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The New York Times Got Their Hands on Donald Trump's 'E-Score' Measuring How He Rates on Various Personality Traits, and Hoo Boy, the Results Are Savage


The New York Times Got Their Hands on Donald Trump's 'E-Score' Measuring How He Rates on Various Personality Traits, and Hoo Boy, the Results Are Savage
WASHINGTON, DC - MARCH 14: (AFP OUT) U.S. President Donald Trump speaks during a meeting with Ireland Prime Minister Leo Varadkar in the Oval Office of the White House on March 14, 2019 in Washington, DC. Later in the day, Varadkar and President Trump will travel to Capitol Hill to attend the Friends of Ireland Luncheon. (Olivier Douliery-Pool/Getty Images)

The New York Times obtained President Donald Trump's E-score, "a number compiled by E-Poll Market Research that is not publicly available, but which marketing executives, network television stations and advertisers rely on to figure out which personalities appeal to audiences — and which do not."

The results were not kind.

The E-Score, the publication notes, "calculates awareness and appeal of individuals in the public eye," and also "tracks how individuals score on more than 40 personality and physical attributes." According to Trump's scores from December, he scored high marks for being aggressive” (48 percent) as well as "mean" (38 percent). “Insincere,” “confident” and “creepy" are also high on the list. He scored between zero and four percent for the attributes “sexy,” “impartial,” “handsome” and “physically fit.”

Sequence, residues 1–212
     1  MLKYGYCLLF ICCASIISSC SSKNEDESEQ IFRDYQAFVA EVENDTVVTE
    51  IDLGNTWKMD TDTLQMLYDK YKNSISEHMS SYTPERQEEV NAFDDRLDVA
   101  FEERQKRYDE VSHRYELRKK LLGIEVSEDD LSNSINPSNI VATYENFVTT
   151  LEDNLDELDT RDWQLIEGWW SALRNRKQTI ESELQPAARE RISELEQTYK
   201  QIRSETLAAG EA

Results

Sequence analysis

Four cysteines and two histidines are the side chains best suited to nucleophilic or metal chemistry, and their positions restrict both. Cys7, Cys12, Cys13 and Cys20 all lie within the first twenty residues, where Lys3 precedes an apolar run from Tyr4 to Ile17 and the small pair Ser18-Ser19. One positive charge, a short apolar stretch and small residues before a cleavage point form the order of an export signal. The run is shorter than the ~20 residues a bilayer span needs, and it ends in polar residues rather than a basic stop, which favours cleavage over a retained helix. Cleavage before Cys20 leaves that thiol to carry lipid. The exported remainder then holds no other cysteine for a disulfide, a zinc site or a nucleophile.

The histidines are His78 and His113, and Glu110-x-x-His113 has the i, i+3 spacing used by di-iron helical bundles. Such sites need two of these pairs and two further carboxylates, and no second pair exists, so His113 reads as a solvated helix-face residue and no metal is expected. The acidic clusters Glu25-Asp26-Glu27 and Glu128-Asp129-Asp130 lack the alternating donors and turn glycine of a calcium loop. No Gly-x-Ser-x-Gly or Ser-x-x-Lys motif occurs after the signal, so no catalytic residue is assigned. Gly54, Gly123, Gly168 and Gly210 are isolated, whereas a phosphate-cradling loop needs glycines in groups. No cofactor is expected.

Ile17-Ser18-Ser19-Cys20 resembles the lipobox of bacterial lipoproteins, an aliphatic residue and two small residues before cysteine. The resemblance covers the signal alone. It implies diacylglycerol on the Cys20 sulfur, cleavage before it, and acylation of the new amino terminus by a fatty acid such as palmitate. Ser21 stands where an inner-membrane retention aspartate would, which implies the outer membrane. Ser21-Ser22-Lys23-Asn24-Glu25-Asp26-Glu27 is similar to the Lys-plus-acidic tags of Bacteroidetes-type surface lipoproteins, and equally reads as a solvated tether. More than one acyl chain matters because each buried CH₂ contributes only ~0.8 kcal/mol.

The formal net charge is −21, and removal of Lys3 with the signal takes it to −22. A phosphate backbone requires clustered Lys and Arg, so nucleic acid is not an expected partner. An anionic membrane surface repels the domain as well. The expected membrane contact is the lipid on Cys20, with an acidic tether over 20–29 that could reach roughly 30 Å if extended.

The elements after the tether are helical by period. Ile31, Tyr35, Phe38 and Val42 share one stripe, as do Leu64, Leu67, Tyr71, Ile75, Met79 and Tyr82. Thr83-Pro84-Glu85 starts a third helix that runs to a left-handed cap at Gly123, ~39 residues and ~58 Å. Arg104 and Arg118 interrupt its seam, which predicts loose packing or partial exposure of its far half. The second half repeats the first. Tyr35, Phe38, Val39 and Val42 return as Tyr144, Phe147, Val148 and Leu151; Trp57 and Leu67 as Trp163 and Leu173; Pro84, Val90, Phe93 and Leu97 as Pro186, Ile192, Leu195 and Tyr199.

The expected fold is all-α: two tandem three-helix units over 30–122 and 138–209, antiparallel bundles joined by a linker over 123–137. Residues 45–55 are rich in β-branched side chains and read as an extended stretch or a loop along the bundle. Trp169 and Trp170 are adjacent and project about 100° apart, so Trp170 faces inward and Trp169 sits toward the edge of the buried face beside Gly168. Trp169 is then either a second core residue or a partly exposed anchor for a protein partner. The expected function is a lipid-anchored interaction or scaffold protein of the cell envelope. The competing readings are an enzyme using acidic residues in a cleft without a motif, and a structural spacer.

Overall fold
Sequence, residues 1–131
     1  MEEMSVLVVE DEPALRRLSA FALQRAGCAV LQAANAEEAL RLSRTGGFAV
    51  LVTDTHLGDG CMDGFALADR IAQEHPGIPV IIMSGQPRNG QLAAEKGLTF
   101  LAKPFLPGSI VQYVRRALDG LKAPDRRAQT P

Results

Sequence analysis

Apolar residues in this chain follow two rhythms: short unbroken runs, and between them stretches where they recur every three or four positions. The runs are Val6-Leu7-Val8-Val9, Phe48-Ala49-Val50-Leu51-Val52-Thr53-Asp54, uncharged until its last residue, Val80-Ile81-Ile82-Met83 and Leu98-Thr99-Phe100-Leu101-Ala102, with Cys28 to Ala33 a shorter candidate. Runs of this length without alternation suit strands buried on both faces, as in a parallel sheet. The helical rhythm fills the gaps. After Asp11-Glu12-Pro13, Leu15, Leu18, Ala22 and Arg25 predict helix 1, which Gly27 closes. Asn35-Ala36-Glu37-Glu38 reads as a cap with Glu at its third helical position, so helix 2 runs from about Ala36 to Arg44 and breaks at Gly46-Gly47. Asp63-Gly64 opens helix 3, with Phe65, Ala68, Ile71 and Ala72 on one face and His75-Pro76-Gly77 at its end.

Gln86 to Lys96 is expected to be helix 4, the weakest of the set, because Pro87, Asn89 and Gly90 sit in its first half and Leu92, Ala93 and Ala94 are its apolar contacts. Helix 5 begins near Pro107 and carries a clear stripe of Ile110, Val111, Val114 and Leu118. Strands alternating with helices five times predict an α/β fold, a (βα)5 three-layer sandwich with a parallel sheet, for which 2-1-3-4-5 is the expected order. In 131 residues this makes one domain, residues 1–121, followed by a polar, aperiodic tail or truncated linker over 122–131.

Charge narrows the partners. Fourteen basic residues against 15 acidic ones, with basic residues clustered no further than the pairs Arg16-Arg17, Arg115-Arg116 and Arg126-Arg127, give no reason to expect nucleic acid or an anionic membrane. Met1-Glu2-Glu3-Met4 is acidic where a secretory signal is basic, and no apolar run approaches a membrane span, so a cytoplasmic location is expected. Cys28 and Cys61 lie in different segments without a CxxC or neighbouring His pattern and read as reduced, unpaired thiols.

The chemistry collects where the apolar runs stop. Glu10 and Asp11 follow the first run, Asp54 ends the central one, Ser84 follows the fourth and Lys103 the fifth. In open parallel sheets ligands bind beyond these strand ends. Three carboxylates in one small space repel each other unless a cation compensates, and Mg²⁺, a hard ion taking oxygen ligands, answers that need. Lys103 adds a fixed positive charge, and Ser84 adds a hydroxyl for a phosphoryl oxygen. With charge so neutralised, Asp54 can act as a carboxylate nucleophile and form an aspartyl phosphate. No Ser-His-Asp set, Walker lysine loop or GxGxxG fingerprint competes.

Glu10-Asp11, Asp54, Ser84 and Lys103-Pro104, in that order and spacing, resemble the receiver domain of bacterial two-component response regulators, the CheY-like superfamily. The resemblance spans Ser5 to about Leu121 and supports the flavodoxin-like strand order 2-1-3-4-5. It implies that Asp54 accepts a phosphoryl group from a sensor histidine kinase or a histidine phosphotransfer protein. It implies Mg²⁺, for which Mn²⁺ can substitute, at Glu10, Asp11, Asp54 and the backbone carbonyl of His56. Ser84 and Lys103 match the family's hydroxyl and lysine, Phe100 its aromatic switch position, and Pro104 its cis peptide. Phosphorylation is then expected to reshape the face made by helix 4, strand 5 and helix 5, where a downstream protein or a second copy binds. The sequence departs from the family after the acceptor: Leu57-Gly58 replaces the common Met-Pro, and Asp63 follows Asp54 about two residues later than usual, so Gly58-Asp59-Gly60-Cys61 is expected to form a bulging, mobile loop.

29 percent described the president as "overexposed." His overall "positive appeal" stands at 14 percent while his overall "negative appeal" stands at 39 percent.

Trump is most popular with individuals over the age of 55 and is consistently more popular with men across all age groups.

The president is known to be obsessive about his approval ratings. That he's so unpopular is a surprise to no one.

E-Poll Market Research offers an annual subscription of at least $17,000 to marketing, advertising and entertainment executives who wish to access information on the marketing effectiveness of the more than 10,000 people compiled in its database. The company surveys about 1,100 online participants every week and has tracked Trump since he appeared on NBC's The Apprentice.

Other members of the Trump administration have also received E-scores, including:

  • Ivanka Trump, the president's daughter and adviser, who has about 70 percent name recognition and 47 percent facial recognition, according to data compiled in December. She is more popular with men across all age groups and is least popular with adults between the ages of 18 and 24. She scored highest for the attributes of “attractive” (32 percent), “beautiful” (28 percent) and “glamorous” (25 percent) and lowest for the attributes of “funny” (1 percent), “can identify with” (2 percent) and “exciting” (3 percent).
  • Jared Kushner, the president's son-in-law and adviser, who has about 35 percent name recognition, according to data compiled in May. Kushner scored highest for the attributes of “insincere” (29 percent), “creepy” (27 percent) and “overexposed” (22 percent). He scored lowest for the attributes of “exciting,” “glamorous” and “emotional" (1 percent).